Council to seek to take part in Business Rates pilot as budget on track
Telford & Wrekin is set to bid to take part in a national pilot scheme that would allow councils to keep all the business rates they collect next year.
The Government has said it wants to change the way it funds councils and to move all councils to this system at some point in the future and for this to replace government grants.
Now the Government gets 49% of the new business rates that councils collect and Telford & Wrekin are currently working with Shropshire and Herefordshire councils to assess whether applying joint application would be in the interests of local taxpayers.
There would be no impact on the business rates bills but the pilot could enable the council to retain all the benefit from growth in business rates as new commercial, industrial and retail premises are built. However, this would be at the expense of giving up the Revenue Support grant that the Council still receives.
It believes the pilot scheme, which must be applied for before the end of October, could see it secure a short-term increase in funding thanks to the rapid business growth in the borough. In 2016/17, the borough saw a sevenfold increase in direct foreign investment, for example.
The borough has also seen a string of business successes including securing the MoD Fulfilment Centre at Donnington and attracting car part maker Magna to build a new factory in the borough. Magna’s factory is due to open next year and will create around 300 new jobs.
The bid to be part of the pilot scheme is referred to in a report to the Council’s cabinet, which meets next Thursday (October 19).
This report also shows that the Council is expecting to end the financial year in budget, despite making almost £14 million of savings this year. Since 2010, the Council has and made savings totalling £110 million.
However the report warns it must find up to another £15 - £20 million savings by 2019. Despite expecting to be in budget by the year end, the Council is still seeing growing cost pressures in two key areas - adult social care and looked after children.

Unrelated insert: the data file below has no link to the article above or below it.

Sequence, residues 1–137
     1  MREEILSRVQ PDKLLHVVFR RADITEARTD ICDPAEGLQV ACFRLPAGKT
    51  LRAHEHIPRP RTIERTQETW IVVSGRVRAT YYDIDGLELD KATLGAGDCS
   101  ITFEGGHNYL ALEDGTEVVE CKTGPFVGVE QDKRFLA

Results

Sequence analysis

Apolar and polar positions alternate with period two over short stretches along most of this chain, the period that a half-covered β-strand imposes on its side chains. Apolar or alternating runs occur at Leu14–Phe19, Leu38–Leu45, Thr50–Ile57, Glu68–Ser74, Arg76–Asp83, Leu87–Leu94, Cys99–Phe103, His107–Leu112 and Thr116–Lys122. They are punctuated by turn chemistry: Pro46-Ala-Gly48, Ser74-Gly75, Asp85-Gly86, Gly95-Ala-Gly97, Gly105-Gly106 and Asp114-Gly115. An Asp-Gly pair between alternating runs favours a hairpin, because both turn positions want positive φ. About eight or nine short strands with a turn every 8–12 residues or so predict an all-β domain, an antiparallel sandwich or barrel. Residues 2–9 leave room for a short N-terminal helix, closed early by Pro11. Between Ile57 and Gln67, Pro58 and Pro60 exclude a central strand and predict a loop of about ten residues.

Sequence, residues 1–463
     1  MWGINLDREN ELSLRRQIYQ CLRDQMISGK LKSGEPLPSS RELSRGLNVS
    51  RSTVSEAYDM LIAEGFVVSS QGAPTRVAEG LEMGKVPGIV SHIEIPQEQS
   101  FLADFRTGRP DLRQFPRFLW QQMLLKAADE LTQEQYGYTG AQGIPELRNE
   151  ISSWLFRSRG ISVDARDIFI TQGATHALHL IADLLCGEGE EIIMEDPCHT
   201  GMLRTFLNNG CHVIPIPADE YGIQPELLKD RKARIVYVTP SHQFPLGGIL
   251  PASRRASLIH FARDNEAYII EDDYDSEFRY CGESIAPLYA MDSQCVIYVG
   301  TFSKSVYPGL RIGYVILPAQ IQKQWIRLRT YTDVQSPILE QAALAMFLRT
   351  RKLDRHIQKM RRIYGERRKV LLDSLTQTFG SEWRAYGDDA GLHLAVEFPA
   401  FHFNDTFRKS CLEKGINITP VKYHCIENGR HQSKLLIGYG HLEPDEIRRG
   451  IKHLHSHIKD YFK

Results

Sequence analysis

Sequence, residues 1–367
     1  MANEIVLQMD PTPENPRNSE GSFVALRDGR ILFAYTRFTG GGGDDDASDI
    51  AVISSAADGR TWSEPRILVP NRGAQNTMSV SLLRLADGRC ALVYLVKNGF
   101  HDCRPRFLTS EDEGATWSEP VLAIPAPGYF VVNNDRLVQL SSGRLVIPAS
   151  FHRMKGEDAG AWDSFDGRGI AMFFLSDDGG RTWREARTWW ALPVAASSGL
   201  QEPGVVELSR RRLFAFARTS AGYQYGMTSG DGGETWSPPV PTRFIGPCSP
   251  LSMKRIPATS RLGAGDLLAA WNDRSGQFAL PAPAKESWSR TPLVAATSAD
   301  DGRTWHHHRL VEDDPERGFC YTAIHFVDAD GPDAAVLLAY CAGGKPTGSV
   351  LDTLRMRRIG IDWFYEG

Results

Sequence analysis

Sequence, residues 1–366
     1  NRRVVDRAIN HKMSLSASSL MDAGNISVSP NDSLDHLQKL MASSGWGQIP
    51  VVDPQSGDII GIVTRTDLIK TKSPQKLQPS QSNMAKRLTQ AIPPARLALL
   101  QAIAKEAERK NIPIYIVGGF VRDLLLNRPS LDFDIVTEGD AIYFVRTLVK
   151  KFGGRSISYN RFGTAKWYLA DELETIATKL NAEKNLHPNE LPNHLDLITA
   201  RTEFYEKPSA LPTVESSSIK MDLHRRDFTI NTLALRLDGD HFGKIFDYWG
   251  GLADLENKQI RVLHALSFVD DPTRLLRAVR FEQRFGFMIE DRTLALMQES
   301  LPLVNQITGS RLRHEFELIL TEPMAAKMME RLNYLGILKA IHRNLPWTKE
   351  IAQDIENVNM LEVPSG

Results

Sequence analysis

The Council has continued to invest in these two areas by making extra savings in other Council areas and by generating new income from other areas including its private homes for rent business Nuplace, its Solar Farm and Growth Fund.
Cllr Lee Carter, cabinet member for finance, said: “We are exploring the idea of this business rates pilot, because we believe it could be financially beneficial. It would also possibly further cement the rewards we reap for the very hard work this Council has put in to keep, grow and attract new business here.
“We continue our prudent financial approach during this most difficult financial period for councils ever, and we expect to remain in budget. This is a huge credit to everyone involved.
“Local government has been the victim of extensive yearly cuts to its funding by Government. In my view, these cuts have now gone too far and cannot be justified anymore by the Chancellor.
“Our communities are saying enough is enough, no more cuts. When I see on a daily basis the pressure on our budgets - safeguarding children, caring for our most vulnerable adults, repairing our roads and so much more, I know without any doubt that local council services are facing a tipping point. It is now time for a change of direction and to protect and invest in local services for our community.
“Without this, there will be many more very difficult and tough decisions to come. The position here for adult social care and looked after children mirror what is happening nationally and we must work with our communities to find alternative solutions to ways to provide many of these services in future that we can no longer afford to provide.”